They weren’t people. They were termites. An international team led by researchers from James Cook University has discovered fungus gardens within fossil termite nests in Africa’s Great Rift Valley in 25 million-year-old sediments.
Fungus-farming termite colonies cultivate fungi in underground nests or chambers, helping to convert plant material – essentially wood – into a food source they can digest more easily. By looking at the DNA from modern termites, scientists had estimated that this ‘fungus farming’ behaviour could reach back as far as 25 to 30 million years. The new trace fossil evidence from Tanzania pushes this date back to at least 31 million years ago.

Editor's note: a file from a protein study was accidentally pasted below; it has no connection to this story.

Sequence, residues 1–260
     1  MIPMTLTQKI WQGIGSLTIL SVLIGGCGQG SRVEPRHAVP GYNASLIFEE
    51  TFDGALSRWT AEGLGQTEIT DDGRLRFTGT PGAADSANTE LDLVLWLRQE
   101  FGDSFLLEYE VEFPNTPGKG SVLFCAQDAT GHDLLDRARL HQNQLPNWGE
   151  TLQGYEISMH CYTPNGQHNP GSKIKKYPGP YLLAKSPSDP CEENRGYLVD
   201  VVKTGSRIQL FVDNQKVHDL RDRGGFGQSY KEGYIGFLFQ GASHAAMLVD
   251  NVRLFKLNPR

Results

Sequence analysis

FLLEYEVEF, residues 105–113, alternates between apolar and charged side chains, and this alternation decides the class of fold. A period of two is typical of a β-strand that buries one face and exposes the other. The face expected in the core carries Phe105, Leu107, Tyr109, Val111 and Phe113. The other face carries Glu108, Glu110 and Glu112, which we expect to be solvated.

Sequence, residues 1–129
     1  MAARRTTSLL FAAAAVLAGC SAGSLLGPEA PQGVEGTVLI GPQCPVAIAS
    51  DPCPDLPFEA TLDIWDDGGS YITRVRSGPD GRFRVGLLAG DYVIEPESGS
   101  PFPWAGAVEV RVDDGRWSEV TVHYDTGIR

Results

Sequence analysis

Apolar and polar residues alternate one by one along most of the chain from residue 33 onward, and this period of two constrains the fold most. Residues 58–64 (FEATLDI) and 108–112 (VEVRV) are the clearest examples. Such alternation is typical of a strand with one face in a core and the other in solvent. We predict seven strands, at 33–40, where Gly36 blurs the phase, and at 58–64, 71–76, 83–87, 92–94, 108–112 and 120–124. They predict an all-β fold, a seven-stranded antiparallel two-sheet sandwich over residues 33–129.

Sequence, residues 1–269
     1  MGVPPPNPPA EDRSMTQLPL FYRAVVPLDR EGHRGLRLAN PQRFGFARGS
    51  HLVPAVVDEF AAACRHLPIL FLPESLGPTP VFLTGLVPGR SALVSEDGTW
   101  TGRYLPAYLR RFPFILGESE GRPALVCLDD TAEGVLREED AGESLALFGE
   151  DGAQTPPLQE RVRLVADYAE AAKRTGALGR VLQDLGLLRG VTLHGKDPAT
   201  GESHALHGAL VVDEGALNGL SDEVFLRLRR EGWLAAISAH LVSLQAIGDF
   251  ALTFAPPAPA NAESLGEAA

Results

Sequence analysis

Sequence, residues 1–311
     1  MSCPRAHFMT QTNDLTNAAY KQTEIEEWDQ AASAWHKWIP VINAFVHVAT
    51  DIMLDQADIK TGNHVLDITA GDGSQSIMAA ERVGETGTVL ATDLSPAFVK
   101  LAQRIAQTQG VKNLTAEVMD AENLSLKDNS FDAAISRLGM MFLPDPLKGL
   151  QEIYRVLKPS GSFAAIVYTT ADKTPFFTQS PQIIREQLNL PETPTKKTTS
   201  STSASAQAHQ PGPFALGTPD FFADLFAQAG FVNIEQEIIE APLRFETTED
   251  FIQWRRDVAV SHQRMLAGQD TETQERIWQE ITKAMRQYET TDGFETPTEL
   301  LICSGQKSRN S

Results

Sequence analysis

The farming behaviour could have significantly modified the environment and landscape and this discovery increases scientific understanding of environmental change and carbon cycling in ancient forests. While the cradle of termite agriculture presumably was in an African rainforest, the transition to fungiculture helped the insects to disperse to less favourable dry savannas and also to migrate out of Africa into Asia. A bit like humans, really.
The research is part of an ongoing study focused on the evolution of a poorly known portion of the Great Rift Valley. It’s another great example of Australia’s credentials as a ‘clever country’ – thanks to research that we can only maintain if universities are properly funded.